A chance to do more for aged and disabled The city's...


July 15, 2002

A chance to do more for aged and disabled

The city's recent dismissal of its director for the Commission on Aging and Retirement Education (CARE) signals a changing of the guard that needs to happen for Baltimore to move forward with a new vision for a quality-driven, well-managed, community-based system of care for the city's 100,000 disabled elderly residents ("Mayor fires 2, hints at more terminations," July 4).

Mayor Martin O'Malley now has an opportunity to create within CARE a culture that is more responsive and enhances the ability of families to care for dependent loved ones in the community for as long as possible.

I hope Mr. O'Malley will look long and hard to find someone who has the experience, creativity and vision to carry us to the next level.

Carolyn Erwin-Johnson


The writer is the founder of Caregivers in Action, a support network for families caring for elderly or disabled relatives.

A `smoky warning' finds a distant shore

On a recent evening, while walking along the beach on the North Shore of Prince Edward Island, Canada, I watched the sun set high in the sky. It never even made it close to the horizon, despite few clouds.

Smoke from forest fires 1,000 miles away in Northern Quebec had completely blocked the sun. I even think I could smell the smoke, though that was likely my imagination.

And, as an online Canadian reader of The Sun, I was glad to read the editorial "Quebec's smoky warning" (July 9) the next day.

Through the efforts of newspapers, community members and other individuals, we can convince our legislators, no matter the country, that global warming is a priority.

Like so many things, the cost of inaction will likely far outweigh the cost of proactive investments in sustainable behavior.

Colin Deacon

Charlottetown, Prince Edward Island, Canada

Let the professionals reform stock market

I mostly disagree with The Sun's editorial advocating more legislation regulating accounting firms, Wall Street and publicly traded corporations ("Bush's opportunity," July 9).

Make no mistake, those who commit fraud or intentional misrepresentation of earnings should be dealt with harshly under our current laws. But the legislation The Sun proposed is short-sighted and would result in even more distorting government interference in the economy and in unintended consequences that everyone but socialists would regret.

It is clear to all that changes need to be made, but they need to be made by participants in the markets, not by government.

Rather than demonize them, let's give market professionals the opportunity to take the necessary steps to prevent abuses in the future.

Donn Weinberg

Owings Mills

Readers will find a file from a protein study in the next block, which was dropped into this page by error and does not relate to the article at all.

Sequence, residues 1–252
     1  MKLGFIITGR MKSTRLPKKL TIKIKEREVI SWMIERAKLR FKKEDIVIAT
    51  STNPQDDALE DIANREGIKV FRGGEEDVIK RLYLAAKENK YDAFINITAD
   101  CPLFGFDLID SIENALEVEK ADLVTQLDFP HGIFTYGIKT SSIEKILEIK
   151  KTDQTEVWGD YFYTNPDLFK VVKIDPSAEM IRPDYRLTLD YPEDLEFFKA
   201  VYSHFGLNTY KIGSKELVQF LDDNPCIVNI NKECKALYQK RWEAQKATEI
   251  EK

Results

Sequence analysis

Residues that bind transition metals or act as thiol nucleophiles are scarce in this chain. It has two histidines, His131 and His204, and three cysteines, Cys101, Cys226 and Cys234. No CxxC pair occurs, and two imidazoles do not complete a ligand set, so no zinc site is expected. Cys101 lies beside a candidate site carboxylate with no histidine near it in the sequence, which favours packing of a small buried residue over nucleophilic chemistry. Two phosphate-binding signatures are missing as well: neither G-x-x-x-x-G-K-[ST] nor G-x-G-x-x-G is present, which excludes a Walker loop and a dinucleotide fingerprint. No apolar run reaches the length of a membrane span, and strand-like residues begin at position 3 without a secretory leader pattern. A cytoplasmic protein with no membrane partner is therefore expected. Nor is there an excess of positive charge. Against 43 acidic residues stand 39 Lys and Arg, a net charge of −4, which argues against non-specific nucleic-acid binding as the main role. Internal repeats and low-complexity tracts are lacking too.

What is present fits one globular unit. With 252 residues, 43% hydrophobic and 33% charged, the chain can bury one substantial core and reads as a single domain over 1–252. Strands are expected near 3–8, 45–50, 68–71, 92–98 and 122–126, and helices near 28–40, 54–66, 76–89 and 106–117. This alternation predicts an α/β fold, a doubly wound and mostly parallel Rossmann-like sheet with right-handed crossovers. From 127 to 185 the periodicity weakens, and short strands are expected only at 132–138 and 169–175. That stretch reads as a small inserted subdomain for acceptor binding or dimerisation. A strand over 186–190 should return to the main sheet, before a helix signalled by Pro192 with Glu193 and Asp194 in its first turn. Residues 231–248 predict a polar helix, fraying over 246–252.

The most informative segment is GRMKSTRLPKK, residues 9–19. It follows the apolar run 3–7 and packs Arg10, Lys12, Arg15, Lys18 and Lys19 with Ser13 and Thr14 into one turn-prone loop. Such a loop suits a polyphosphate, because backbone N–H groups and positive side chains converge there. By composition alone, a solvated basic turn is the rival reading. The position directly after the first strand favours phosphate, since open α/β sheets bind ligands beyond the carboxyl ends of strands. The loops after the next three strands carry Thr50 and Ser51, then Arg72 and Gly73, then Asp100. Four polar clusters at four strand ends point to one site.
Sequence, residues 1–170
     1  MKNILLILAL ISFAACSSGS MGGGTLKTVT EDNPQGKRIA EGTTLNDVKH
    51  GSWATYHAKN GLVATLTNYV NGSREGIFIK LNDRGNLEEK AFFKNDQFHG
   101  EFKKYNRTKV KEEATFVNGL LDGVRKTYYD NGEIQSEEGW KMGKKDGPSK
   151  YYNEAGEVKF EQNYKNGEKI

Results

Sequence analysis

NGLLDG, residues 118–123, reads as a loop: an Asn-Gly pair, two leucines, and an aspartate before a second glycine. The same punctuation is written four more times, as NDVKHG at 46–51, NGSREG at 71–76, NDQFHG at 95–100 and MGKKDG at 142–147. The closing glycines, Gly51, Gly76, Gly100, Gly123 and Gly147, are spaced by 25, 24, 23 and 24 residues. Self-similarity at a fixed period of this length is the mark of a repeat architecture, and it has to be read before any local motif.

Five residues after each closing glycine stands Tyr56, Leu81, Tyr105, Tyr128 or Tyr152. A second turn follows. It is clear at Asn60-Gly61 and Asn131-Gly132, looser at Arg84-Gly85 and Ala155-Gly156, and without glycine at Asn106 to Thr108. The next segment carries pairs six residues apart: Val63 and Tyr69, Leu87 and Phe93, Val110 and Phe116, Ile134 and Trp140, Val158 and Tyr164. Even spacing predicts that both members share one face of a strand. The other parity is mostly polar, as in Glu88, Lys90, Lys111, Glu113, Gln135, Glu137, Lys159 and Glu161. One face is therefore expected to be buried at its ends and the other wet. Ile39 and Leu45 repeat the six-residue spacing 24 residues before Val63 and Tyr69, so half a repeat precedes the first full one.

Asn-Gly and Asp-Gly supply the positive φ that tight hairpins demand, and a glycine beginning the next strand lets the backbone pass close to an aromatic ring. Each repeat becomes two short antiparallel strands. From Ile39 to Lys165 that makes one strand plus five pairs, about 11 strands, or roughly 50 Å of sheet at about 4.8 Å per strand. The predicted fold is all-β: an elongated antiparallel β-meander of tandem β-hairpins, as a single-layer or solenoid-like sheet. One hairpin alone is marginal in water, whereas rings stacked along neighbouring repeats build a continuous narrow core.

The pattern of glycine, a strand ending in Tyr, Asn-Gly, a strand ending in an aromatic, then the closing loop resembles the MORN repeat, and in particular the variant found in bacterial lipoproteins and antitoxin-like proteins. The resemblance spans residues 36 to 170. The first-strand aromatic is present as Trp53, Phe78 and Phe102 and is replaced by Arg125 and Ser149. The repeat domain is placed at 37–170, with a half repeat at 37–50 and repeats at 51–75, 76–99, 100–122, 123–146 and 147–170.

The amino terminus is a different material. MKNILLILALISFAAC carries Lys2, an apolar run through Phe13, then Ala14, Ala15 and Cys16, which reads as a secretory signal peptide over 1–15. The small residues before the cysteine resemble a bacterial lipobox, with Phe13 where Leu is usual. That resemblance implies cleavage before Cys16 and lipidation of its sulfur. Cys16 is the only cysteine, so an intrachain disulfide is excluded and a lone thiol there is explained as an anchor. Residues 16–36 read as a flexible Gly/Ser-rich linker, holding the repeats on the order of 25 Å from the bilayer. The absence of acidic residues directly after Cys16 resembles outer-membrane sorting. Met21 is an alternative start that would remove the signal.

How can Bush scold Wall Street?

President Bush lecturing Wall Street on financial shenanigans is like President Clinton lecturing a swingers' convention on fidelity and abstinence ("Bush scolds Wall St., asks legal reforms," July 10).

Given Mr. Bush's own pattern of creative transactions in both the energy and baseball businesses, one wonders which was more dominant at the podium -- simple hypocrisy or envy by a crude and clumsy misbehaver in the presence of the truly audacious?

Kenneth G. Olthoff


Don't give president blank check on war

I found Steve Chapman's analysis of accused terrorist Jose Padilla's detainment ambivalent and frightening ("Different rules apply in wartime," Opinion Commentary, July 9).

He vituperatively attacked those who would question the legality of Mr. Padilla's confinement, but admitted some "minimal evidence" must be presented in court by the government.

Even more alarming was his assertion that though a "check" on the executive branch is needed, a congressional go-ahead for war was ceremonial and meaningless.

Perhaps a more thorough understanding of the repercussions of the Gulf of Tonkin Resolution would help Mr. Chapman understand what happens when Congress writes a blank check to the president and leaves him to conduct what he perceives as a righteous war.

Rami Fakhouri


Care for the kids city already has

I was shocked when I read the recent letter suggesting we should increase the city's population by having Baltimore dwellers have more children ("Maintain the city we've always known," July 1).

We already have too many children having children and too many offspring -- many of them without fathers, some without mothers.

These children often are found roaming the streets at late hours of the night because nobody cares. Many become involved with dope, carry guns and end up shooting innocent people or becoming victims of someone else's gun. Or they drop out of school because nobody has taught them the need for a good education or has been willing to help them over the rough spots.

Let us not encourage city dwellers to have more children, but to take care of the ones already here.

Wilton Shaw


Let parents choose what to teach kids

I am perplexed about why there is so much opposition to school choice and voucher programs.

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